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Yonder Mountain String Band (YMSB) is a long-running Americana act featuring Adam Aijala (guitar), Dave Johnston (banjo), Allie Kral (fiddle), Ben Kaufmann (bass) and Nick Piccininni (mandolin). Since its emergence in 1998, there have been subtle personnel changes along the way, each one signaling a slight shift in sound. Still, the common thread is that its collective members have always been committed to a shared journey of musical discovery that has taken them well beyond the borders of traditional bluegrass. We recently caught up with Aijala to discuss the evolution of his ensemble, his love for Bob Dylan as well as the current tour that lands YMSB back in the Lowcountry this week for a Friday show on the Windjammer’s beach stage. 

City Paper: Can you tell us about your background and early influences? 

Adam Aijala: I grew up in a small, rural town in central Massachusetts and started out on electric guitar, influenced originally by bands like Black Flag and The Clash. Jimmy Page, Jimi Hendrix and Jerry Garcia played a large role in motivating me to practice as I got older. 

CP: What were some of the major milestones in your artistic development? 

AA: Discovering Grateful Dead, which introduced me to Old & In The Way, which got me to bluegrass. Bob Dylan and Neil Young got me interested in the acoustic guitar in high school. Jerry helped me learn to jam and Dylan got me into writing songs. 

CP: You’ve been at it a while now. In your estimation, how has YMSB evolved over the years? 

AA: Well, aside from the obvious personnel changes, which affect the overall sound, I feel like our songs have evolved in the same way our personalities evolve as we age. We write what we’re feeling at any given time and not for something or with specific intent. I suppose I shouldn’t speak for everyone, but that’s my view. We continue to do it because it’s fun and we want people to have fun when they see us perform. Adding Nick to the band has been great for new inspiration.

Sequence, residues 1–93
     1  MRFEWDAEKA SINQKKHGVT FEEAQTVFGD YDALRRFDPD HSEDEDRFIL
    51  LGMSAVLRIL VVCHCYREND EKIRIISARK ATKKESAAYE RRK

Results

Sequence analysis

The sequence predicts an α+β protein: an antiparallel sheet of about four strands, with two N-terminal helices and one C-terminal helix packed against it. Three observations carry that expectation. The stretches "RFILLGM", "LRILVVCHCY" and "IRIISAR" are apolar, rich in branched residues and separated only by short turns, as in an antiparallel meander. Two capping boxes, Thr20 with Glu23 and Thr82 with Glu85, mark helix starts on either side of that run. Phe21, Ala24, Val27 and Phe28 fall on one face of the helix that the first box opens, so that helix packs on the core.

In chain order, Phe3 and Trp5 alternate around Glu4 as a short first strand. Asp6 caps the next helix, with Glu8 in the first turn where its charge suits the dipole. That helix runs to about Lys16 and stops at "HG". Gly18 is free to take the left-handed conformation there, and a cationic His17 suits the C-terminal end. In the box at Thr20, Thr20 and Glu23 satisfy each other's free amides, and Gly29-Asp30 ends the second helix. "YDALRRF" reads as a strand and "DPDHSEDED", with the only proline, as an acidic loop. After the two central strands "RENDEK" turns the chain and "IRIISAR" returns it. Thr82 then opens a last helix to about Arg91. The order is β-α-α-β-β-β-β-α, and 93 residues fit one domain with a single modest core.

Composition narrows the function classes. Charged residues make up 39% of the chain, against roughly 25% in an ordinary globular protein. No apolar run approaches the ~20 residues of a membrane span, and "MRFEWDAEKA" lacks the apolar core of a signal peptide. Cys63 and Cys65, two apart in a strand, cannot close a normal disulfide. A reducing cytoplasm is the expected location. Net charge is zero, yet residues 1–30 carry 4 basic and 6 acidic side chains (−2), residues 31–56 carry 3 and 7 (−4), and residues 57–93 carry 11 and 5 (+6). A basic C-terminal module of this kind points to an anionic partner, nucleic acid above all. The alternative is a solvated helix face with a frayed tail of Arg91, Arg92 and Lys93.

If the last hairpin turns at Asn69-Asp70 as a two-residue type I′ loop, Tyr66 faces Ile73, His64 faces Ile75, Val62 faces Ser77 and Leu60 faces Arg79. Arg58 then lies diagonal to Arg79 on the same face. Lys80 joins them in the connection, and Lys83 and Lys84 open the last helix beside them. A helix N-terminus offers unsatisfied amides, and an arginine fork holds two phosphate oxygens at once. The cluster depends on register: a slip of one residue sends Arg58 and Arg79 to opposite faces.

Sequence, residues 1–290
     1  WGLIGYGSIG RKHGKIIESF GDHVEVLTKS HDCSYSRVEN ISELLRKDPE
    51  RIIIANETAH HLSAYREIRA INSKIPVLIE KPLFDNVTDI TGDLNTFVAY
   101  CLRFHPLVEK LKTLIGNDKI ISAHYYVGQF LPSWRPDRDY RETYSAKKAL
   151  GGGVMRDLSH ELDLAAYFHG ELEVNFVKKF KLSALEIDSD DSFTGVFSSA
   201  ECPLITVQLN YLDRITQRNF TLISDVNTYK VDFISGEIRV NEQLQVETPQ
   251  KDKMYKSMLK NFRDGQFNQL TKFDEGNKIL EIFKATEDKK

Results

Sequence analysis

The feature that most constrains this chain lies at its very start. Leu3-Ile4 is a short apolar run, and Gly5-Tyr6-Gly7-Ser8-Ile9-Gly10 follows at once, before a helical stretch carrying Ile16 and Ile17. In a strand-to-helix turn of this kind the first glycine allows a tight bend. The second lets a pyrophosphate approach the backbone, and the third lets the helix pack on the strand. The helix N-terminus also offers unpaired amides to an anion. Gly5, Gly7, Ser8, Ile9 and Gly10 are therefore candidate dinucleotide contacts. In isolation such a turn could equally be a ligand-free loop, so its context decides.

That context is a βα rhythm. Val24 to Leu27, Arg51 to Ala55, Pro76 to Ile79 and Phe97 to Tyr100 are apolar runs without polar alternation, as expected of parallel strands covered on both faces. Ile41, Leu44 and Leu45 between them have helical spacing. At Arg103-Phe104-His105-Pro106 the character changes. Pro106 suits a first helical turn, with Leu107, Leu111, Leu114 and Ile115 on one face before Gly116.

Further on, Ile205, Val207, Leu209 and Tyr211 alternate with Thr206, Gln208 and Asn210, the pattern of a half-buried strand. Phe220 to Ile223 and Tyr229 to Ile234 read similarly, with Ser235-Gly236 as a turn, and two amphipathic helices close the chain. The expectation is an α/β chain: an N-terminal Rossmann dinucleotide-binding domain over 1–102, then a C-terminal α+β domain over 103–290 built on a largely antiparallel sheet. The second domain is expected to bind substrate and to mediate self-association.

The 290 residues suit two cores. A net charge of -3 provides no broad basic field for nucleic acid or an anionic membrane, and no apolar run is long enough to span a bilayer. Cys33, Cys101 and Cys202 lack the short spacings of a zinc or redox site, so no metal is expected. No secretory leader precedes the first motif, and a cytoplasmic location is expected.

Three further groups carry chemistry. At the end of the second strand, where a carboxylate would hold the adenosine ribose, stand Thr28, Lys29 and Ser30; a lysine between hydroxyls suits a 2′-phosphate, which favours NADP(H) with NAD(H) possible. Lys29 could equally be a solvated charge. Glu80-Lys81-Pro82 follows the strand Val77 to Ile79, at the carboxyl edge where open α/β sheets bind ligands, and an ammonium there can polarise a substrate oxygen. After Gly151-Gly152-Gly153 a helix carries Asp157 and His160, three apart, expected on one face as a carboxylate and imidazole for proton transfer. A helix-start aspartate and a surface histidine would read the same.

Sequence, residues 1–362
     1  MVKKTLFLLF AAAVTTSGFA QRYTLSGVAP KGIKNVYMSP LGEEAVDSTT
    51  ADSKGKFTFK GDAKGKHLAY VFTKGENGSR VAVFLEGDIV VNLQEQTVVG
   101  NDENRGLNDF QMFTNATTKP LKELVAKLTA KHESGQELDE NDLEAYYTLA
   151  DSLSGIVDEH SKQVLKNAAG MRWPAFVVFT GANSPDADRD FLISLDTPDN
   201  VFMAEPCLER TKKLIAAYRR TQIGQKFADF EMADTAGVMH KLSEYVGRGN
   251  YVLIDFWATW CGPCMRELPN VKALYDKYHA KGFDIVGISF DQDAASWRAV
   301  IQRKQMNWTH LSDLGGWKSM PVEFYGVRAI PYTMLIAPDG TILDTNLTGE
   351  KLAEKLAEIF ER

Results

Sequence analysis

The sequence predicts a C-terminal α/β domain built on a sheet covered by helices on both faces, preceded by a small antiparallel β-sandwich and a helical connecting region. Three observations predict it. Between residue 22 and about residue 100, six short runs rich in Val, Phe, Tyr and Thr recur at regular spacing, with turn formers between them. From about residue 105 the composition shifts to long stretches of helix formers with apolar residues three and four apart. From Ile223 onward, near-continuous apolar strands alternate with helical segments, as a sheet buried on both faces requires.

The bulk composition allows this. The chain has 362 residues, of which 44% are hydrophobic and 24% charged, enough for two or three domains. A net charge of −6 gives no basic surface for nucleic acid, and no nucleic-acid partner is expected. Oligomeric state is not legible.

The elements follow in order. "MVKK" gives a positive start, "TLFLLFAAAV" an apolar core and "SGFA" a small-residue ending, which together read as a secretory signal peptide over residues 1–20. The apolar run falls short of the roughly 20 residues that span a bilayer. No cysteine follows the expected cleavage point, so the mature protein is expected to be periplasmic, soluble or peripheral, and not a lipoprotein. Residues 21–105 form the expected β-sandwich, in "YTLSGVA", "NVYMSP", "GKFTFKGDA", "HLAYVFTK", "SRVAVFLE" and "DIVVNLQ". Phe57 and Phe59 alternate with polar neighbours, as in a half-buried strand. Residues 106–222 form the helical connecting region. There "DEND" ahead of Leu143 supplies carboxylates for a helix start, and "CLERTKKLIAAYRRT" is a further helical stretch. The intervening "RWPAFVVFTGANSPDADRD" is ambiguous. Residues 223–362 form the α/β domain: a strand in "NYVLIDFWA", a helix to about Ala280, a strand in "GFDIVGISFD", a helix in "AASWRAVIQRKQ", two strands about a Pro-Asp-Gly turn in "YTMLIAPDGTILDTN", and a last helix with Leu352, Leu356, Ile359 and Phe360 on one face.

CP: Do you think that labeling yourselves as a string band rather than a straightforward bluegrass outfit has given you more freedom for musical exploration? 

AA: That wasn’t our thought when we named the band back in 1998. It ended up kind of happening organically. We truly wanted to be a bluegrass band but because our influences were anything but that we ended up sounding like Yonder Mountain and we rolled with it. 

CP: How would you describe the current dynamic within the group?

AA: It’s democratic, though we all have different roles as well as strengths and weaknesses. The overall vibe when we’re together is lightheartedness and we like making each other laugh, which I think is a big reason we’re still together. 

CP: Since you were, more or less, forced off the road for the last year, what has the band been up to? 

AA: I’ve been handling the business side of things and also curating a series of videos we labeled, “Quarantine Vids” on our YouTube page. We collectively live in four different time zones but for these videos everyone sends A/V of a specific song to me and I edit us into boxes on a screen, Brady Bunch-style. I think we did just shy of 30 over the last year. We’ve also been working on a new record and have 11 brand new songs that we are hoping to get released late in 2021 or early in 2022. 

CP: You’re back in action now with a handful of new tour dates. What can we expect from the current live show? 

AA: High energy and a positive experience. We have lots of material to pick from and with Nick joining literally a few months into 2020 that means there’s still quite a few folks who haven’t seen us yet with him performing with us. We are looking forward to it. 

Yonder Mountain String Band performs 7 p.m. Friday, May 14, at the Windjammer on Isle of Palms.

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